ADK members, vote no to club giving you less of a voice
To the editor:
I write regarding the proposed changes to the Adirondack Mountain Club (ADK) bylaws. Members have recently received ballots in order to vote for or against these new bylaws. I am a member of the Niagara Frontier Chapter. As a lawyer, I represented, for over 30 years, the student governing body representing over 25,000 students of the SUNY Buffalo and worked with student leaders of a membership corporation on numerous governance issues. I love the Adirondacks and have spent enough time of my adulthood with my family in the region to become a 46er (No. 4,576) and introduce my grandchildren to hiking and paddling in the Saranac Lake area. I am opposed to the proposed bylaw amendments, and here’s why.
A vote “yes” for changes will be your last meaningful vote that could influence the mission, direction or policy of the club. Under the new bylaws, directors will be selected by other directors, not by the members through their chapters. In turn, the self-selected directors will have the authority to govern all aspects of the club. The membership, under the current bylaws, has the authority to amend the bylaws and certificate of incorporation. The amendment power will now be in the hands of the self-selected directors.
The current bylaws indicate that ADK is a “member directed organization.” Sorry, members — that phrase is deleted from the new bylaws. There is no question that the recent strategic plan wants to streamline decision making at the expense of the rights of the membership to participate in crucial decisions that affect the mission of ADK.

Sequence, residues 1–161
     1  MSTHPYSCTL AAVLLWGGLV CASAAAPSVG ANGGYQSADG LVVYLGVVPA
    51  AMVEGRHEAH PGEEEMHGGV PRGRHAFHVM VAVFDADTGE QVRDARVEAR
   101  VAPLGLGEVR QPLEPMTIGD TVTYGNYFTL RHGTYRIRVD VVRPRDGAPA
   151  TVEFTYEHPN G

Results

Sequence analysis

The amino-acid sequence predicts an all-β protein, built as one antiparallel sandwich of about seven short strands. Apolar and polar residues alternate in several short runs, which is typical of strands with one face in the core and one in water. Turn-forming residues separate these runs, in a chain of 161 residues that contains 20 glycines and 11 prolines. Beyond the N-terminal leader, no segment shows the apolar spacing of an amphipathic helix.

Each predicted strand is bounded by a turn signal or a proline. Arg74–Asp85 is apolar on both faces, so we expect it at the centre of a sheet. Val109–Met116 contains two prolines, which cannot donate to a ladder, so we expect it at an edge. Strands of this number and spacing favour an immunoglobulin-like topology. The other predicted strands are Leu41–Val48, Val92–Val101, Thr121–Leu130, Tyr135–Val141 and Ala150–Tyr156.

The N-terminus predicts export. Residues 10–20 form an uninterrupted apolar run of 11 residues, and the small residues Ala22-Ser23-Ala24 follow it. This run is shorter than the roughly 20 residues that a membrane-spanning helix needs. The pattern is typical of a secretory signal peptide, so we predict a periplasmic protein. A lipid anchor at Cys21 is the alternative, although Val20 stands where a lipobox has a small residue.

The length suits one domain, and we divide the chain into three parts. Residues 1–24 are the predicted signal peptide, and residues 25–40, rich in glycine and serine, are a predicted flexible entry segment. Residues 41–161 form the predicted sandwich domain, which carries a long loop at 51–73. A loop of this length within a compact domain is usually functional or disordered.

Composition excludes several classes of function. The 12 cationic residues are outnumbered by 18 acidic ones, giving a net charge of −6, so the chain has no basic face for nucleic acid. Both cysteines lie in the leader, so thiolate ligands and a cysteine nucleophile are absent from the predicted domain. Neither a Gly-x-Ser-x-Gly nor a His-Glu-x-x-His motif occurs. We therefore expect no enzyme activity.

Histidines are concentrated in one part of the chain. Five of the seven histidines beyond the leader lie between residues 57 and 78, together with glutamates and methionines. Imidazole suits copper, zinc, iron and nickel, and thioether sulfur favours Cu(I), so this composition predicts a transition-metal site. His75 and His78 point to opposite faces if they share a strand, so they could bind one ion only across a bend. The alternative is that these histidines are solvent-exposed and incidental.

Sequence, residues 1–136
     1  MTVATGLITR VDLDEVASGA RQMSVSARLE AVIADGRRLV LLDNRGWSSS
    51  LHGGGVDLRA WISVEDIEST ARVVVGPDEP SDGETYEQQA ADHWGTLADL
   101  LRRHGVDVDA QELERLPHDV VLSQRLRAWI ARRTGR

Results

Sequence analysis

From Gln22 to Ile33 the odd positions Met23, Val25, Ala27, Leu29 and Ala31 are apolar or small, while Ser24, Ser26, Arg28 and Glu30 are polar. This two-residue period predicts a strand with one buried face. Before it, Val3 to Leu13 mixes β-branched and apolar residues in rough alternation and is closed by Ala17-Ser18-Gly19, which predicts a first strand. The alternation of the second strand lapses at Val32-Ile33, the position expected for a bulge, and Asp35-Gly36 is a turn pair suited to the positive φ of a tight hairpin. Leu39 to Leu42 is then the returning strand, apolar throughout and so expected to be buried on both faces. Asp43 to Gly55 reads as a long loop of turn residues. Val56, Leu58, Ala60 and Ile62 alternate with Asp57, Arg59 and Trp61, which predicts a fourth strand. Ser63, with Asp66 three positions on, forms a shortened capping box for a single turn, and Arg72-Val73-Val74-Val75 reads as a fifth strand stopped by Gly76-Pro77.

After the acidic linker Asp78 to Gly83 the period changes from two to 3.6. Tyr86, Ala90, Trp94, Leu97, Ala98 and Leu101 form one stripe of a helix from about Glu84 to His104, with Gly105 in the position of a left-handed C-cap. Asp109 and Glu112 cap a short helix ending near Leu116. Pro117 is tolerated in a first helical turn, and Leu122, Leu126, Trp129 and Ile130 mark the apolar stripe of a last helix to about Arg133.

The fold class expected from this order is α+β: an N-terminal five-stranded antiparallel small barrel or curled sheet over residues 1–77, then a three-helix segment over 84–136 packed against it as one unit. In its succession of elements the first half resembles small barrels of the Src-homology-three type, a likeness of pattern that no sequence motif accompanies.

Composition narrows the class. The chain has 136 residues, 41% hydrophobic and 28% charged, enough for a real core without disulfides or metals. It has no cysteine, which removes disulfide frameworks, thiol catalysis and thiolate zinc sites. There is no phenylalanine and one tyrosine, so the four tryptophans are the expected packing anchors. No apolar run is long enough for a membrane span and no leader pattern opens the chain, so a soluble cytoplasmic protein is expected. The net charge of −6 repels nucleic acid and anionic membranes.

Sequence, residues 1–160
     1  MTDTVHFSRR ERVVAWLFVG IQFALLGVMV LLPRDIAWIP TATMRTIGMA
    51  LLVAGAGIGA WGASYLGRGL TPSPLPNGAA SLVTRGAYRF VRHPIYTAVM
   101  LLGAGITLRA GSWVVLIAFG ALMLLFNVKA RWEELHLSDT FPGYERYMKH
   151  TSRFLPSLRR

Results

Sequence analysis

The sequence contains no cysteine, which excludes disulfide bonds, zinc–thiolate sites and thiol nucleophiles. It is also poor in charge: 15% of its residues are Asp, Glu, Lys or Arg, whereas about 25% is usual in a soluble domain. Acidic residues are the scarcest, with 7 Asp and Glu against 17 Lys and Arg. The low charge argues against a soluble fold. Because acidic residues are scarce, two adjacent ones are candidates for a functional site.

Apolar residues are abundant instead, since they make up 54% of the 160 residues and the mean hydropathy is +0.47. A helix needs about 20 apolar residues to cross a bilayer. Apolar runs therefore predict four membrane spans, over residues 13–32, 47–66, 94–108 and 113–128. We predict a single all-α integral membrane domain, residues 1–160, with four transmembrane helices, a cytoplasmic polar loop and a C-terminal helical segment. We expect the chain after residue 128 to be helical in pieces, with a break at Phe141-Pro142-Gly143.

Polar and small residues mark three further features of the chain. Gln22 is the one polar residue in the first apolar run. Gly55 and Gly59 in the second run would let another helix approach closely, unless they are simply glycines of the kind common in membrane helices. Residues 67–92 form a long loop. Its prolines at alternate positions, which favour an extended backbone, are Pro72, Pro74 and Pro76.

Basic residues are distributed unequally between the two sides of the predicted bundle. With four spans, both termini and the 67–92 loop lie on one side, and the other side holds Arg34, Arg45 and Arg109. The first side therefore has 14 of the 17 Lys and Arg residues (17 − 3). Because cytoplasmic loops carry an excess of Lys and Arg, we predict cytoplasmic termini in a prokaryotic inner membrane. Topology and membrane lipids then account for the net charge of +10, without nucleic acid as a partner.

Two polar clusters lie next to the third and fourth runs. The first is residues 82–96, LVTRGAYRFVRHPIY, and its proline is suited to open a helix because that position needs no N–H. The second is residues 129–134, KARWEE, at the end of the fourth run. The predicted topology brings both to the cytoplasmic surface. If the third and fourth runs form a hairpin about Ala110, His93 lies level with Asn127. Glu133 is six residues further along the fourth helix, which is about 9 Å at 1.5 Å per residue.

The membership is allotted an advisory council of trustees elected from each chapter. The new bylaws describe their role solely as providing reports to the board of directors and responding to their requests. This member-elected advisory council has no control over ADK operations. The membership council under the proposal will have one seat on the board of directors of between 12 and 20 members.
New director nominations
Nominations for the directors that currently serve came through the bylaw that allows chapters to nominate and elect directors. I cannot find in the proposed bylaws any process for the nomination of new directors. How is that going to work?
The self-selected board under the new bylaws nominates and elects officers to oversee the operations and finances of ADK. Deleted are the words, “The president is directly accountable to ADK’s membership.”
I asked the current ADK executive director, Michael Barrett, why such changes in the bylaws were necessary. He cited several problems facing the corporation: non-compliance with New York not-for-profit corporation law, a graying membership, a small endowment in relation to the size of the organization, past year financial deficits, and difficulty getting the current board of directors to confront these issues.
Does limiting the membership to one seat on the board solve any of these issues?
Without eliminating the power of the membership to vote, the board of directors could be streamlined, the election process standardized, and communications between the board of directors, chapters and members improved, and our 99-year-old organization readied for another century of dedication to the Adirondacks.
My conclusion, with regard to these proposed changes to the ADK bylaws, is that the losses to the membership far outweigh the gains to the corporation.
I would urge the membership to vote “no.”
Daniel D. Shonn Jr., Esq.
Long-standing member, ADK-NFC
Akron, New York